Op-Ed by Ivo Daalder, former U.S. Ambassador to NATO. Originally published in the Chicago Tribune. Also carried in the Charlotte Observer (Sept. 18) and nationally.

A powerful belief about American views of the world has taken hold among foreign policy experts, that Americans are exhausted from global overreach and want to shed the burdens of global leadership. Arguing that American voters’ “foreign policy views stink,” New York Times columnist David Brooks opined that, after “Iraq and other debacles, many Americans are exhausted by the global leadership role” and “actively hostile” to key elements of U.S. foreign policy from past decades.

Brooks is not alone in this view. It animates much of foreign policy thinking, among Democrats and Republicans.

There’s just one problem: This view is wrong.

The latest annual survey examining American attitudes on foreign policy conducted for the Chicago Council on Global Affairs by polling and market research firm Ipsos Public Affairs shows that, rather than supporting a retreat, large numbers of Americans favor active U.S. engagement in the world and support long-standing pillars of U.S. foreign policy, alliances, trade, democracy.

The survey, conducted June 7-20, found that American support for taking an active role in world affairs remains near record high, at 69%, compared to 30% of Americans who want to stay out of world affairs. While President Donald Trump has frequently railed against the costs to the United States of maintaining security alliances and trade agreements, a strong majority of Americans (61%) believe that the benefits of staying engaged outweigh the costs.

In a first, the survey asked what people mean by taking an “active part” in world affairs. Large majorities of Americans (70% or more) believe that engaging in trade, providing humanitarian and economic aid, promoting democracy and human rights, defending allies and participating in international organizations form part of such active engagement. And 62% believed increasing spending on defense and diplomacy is part of an active U.S. role. A bare majority (51%) say it includes intervening in other countries, while a larger majority (62%) exclude selling arms abroad from an active role.

When asked what policies would make America safer, majorities cite alliances with other countries (74%), U.S. military superiority (69%), promoting democracy and human rights (56%) and participating in international organizations (54%) as most effective.

While President Trump has consistently suggested that U.S. alliances mostly benefit allies rather than the United States, the survey finds Americans reject that view. Sixty percent of Americans believe alliances in Asia are mutually beneficial or mostly benefit the U.S., and 64% believe this when it comes to alliances in Europe.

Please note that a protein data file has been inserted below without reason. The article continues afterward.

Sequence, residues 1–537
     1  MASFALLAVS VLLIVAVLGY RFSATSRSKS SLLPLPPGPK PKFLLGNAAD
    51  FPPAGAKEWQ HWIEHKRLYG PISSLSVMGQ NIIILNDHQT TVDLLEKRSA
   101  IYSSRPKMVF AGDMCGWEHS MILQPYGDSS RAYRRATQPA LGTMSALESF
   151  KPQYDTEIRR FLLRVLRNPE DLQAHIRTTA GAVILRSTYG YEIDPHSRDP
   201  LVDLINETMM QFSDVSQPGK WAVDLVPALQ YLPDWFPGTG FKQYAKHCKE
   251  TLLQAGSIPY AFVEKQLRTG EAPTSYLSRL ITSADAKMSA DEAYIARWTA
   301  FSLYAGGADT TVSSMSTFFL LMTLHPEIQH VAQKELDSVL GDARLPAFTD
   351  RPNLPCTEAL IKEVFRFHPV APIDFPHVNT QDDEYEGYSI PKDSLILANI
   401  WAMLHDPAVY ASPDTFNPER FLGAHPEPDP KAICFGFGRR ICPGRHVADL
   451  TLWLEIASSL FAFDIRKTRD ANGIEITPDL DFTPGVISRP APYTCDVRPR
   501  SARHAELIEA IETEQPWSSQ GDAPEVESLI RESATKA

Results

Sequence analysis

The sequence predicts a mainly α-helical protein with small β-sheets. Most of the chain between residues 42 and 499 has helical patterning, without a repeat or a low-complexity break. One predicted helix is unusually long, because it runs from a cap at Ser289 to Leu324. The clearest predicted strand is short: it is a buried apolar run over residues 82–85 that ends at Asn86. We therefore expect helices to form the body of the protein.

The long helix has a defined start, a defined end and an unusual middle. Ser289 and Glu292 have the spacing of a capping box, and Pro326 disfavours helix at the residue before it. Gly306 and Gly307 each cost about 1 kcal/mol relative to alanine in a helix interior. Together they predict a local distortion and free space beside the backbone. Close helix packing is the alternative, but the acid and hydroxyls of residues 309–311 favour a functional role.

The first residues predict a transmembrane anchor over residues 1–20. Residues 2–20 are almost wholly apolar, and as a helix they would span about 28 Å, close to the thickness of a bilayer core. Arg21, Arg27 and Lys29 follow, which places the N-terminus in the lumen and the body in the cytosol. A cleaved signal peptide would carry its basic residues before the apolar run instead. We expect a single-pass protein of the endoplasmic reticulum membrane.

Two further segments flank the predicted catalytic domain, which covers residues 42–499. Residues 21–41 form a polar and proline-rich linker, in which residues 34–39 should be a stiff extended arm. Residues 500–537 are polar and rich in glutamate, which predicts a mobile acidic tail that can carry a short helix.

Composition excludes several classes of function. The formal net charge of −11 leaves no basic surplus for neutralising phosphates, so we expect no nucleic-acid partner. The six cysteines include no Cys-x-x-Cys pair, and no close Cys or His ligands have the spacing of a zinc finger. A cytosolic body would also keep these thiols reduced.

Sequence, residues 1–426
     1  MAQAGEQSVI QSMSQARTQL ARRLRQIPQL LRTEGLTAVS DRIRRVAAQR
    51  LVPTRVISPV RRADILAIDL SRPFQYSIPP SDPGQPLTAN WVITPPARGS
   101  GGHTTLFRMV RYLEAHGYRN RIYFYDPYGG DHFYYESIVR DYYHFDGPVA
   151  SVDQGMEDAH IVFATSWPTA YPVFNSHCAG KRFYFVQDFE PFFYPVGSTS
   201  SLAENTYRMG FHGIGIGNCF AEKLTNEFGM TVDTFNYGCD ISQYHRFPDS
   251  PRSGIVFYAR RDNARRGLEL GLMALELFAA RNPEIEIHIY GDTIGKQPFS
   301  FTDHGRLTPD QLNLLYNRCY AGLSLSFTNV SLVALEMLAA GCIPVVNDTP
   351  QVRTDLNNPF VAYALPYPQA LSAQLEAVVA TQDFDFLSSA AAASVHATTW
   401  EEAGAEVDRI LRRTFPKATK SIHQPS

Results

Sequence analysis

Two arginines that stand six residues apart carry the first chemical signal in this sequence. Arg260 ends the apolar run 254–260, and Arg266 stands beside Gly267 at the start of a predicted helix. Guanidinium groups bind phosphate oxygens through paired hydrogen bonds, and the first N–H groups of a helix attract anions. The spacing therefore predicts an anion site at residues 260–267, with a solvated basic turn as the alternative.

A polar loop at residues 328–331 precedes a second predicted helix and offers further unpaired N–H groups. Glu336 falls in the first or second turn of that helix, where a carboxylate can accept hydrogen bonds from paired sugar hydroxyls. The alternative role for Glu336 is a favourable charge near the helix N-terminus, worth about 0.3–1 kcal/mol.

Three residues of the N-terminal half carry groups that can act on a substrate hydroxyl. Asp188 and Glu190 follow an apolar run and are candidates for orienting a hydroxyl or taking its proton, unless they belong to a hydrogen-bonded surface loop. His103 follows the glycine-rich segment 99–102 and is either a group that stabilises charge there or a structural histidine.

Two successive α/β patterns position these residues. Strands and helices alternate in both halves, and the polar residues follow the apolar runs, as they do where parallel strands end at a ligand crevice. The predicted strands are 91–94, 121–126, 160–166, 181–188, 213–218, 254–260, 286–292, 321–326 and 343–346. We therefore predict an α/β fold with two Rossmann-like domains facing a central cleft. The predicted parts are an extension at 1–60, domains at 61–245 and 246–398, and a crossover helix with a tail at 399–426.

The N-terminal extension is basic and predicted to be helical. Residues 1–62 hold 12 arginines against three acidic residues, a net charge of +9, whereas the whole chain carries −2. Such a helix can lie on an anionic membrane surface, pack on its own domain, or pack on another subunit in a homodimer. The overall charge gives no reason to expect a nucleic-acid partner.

And Americans are willing to use force to back up these alliance commitments. Fifty-eight percent favor using U.S. troops to defend South Korea if North Korea invaded it, and 54% do so in case Russia invades a NATO ally such as Latvia, Lithuania or Estonia. They also believe we should increase or maintain U.S. troops in South Korea (69%) and Japan (59%). The largest majority yet (73%) believe NATO is essential for European security, and more Americans (78%) believe that we should maintain or increase our commitment to NATO than at any time since the question was first asked in 1974.

It isn’t just alliances that receive record levels of support. So does international trade. The survey showed 87% of Americans believe international trade is good for the U.S. economy (up from 59% just three years ago), and 83% think trade is good for American companies (up from 57% in 2016). What is significant about all of these findings is that despite the political turmoil and deep partisan divisions on many issues, when it comes to America’s role in the world there is a large degree of agreement and support among all Americans. Alliances, the bedrock of American military engagement abroad since World War II, enjoy strong and growing public support.What Americans reject is using force in other countries to try to resolve conflicts. The bitter experiences in Afghanistan, Iraq and Syria have left Americans weary of interventionism.

But this concern is not the same as wanting to retreat from the world. Even after decades of war, a major financial crisis, and new challenges to U.S. powers, Americans strongly favor maintaining a leadership role in the world.

About the Author
Ivo Daalder is president of the Chicago Council on Global Affairs and a former U.S. ambassador to NATO.